Young feet ready for rough ride
Updated: 2011-10-21 11:27
By Lin Jing and Li Xiang (China Daily European Weekly)
Chinese companies, novices in the cruise industry, are lapping up the challenge
As the infant cruise tourism industry in China struggles to find its feet, companies and government are working to reduce its growing pains.
This month a business group was set up in China aimed at tapping into the cruise ship market.
The International Cruise Procurement Alliance, set up in Tianjin Binhai New Area, 170 kilometers southeast of Beijing, comprises 30 Chinese companies dealing in, among other things, food, beverages and hotel supplies. It hopes to help domestic suppliers get a slice of the business that international cruise ships offer.
A business group in Tianjin on the Sun Princess, a cruise ship run by British company Princess Cruises. [Wang Huan / for China Daily]
"This is the first time there has been a platform for the trade in cruise consumption goods," says Zheng Weihang, secretary-general of China Cruise and Yacht Industry Association.
Zheng says that at present all the supplies to international cruise ships calling at Chinese ports are bought from foreign companies such as Wal-Mart, which results in higher costs because of complicated logistics and delays.
The alliance will invite cruise purchasing managers to trade meetings and try to win orders for domestic suppliers so as to reduce unnecessary transport costs.
Provinces in coastal areas have started to build their own international home ports and cruise ships.
Last month the government of Xiamen, in Fujian province, entered into a partnership with Royal Caribbean and China World Cruises, a subsidiary of the property and theme park developer Shan-Hai-Shu of Beijing. Royal Caribbean has been commissioned to design a 100,000-ton cruise ship to be built by Xiamen Shipbuilding Industry Co.
Working with the Xiamen municipal government, the partners plan to invest about 570 million euros in the coastal area to develop a cruise port with an amusement park and luxury hotels.
Xiamen International Cruise Co, the first Chinese cruise operator, was established in June. It will start cruises between Shanghai and Xiamen next year.
Zheng says that some entrepreneurs in Wenzhou, Zhejiang province, have raised 10 billion yuan (1.1 billion euros) and bought an Asian cruise ship. The ship is being fitted out in Singapore and will go into service by the end of the year.
Last month the island province of Hainan stepped up its efforts to promote the cruise industry, adding 60 voyages with Sanya as a home port to Southeast Asia and coastal areas on the mainland. The aim is for Sanya to evolve from being merely a port of call.
The central government is doing its bit to stimulate the cruise business.
In 2009 the State Council, in a paper on developing tourism, said the manufacture of outdoor equipment such as recreation vehicles, cruisers and yachts would be encouraged. Areas suitable for cruise yacht tourism will attract local government support.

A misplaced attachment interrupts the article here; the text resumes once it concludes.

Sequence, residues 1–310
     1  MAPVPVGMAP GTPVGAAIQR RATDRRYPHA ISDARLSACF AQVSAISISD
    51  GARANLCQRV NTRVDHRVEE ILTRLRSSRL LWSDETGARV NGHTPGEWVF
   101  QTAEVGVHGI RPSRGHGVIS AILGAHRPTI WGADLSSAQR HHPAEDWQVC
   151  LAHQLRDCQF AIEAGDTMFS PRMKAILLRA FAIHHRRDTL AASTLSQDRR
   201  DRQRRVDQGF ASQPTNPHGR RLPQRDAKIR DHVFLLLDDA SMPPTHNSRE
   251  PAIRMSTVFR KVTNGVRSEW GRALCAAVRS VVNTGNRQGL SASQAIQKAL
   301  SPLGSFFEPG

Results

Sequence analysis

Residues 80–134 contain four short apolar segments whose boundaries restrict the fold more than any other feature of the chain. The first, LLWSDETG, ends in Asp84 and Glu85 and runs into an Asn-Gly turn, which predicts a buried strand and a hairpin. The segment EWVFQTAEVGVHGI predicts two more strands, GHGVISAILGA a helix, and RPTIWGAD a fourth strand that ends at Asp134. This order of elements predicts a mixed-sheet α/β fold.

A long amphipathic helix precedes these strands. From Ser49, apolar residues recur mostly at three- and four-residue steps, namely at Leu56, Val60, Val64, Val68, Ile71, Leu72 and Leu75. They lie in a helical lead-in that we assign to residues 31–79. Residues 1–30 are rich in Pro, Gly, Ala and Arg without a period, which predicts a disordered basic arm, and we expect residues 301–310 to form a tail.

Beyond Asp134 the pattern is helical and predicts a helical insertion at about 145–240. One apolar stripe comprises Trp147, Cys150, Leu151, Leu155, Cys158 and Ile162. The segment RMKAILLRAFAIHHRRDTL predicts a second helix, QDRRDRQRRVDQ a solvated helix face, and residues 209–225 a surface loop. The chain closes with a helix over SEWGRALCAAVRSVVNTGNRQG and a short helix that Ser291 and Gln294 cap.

In February the China National Tourism Administration outlined policies on tourist services related to international cruise ports and started putting them into effect on June 1.
"We will put more emphasis on overseeing the implementation of the standards so that service quality is ensured," says Wu Wenxue, director of the planning, development and finance department of China National Tourism Administration.
During the 12th Five-Year Plan (2011-2015), the Ministry of Transport will pay particular attention to managing the way ports are built.
"Relying on the experience of cruise management and port construction in developed countries, we have formulated industrial standards on safety, usability and operations," says Song Dexing, director-general of the water transport department of the Ministry of Transport.
Nevertheless, there are concerns about the many hurdles to be overcome in building a fully fledged cruise industry in China.
A cruise industry chain consists of ship building, the cruises themselves, port services and tourism and commercial businesses down the line, and China is particularly deficient in three of these, Zheng says: shipbuilding, operations and tourism.
"There is a 30-year gap between China and the West in cruise ship design and building."
He says that at the moment the most pressing problem is a lack of professional talent. "China greatly lacks qualified talent in cruise building and operation. It is no exaggeration to say there is a complete void."
The president of Tianjin Maritime College, Ma Kuijun, says that since China's cruise industry is still in is infancy, those working in it are novices.
"They have insufficient professional knowledge in management and shipping, language and computers, and this is hindering development of the local cruise industry."
Zheng suggests that local companies work closely with foreign cruise operators and learn from their experience and technology.
"China could start building a cruise ship maintenance center. In that way, foreign companies could cut costs in China and we could pick up ideas on design and technology in the process."
Based on the China National Tourism Administration's prediction, by 2015 total tourism annual income will reach 2,500 billion yuan, with average annual growth of 10 percent. The number of outbound passengers may exceed 88 million, a 9 percent increase year on year; foreign inbound visits will be 32 million, up by 4.5 percent a year.
Wu of the China National Tourism Administration says a national tourism and leisure program will be drafted and issued during the period of the 12th Five-Year Plan, in an effort to enhance public awareness of tourism and tap the consumer potential.
"As the number of home ports and the government advocacy for outbound cruise tourism continue to rise, I believe more Chinese will switch from group travel to international cruise ships, especially in the Asia-Pacific region."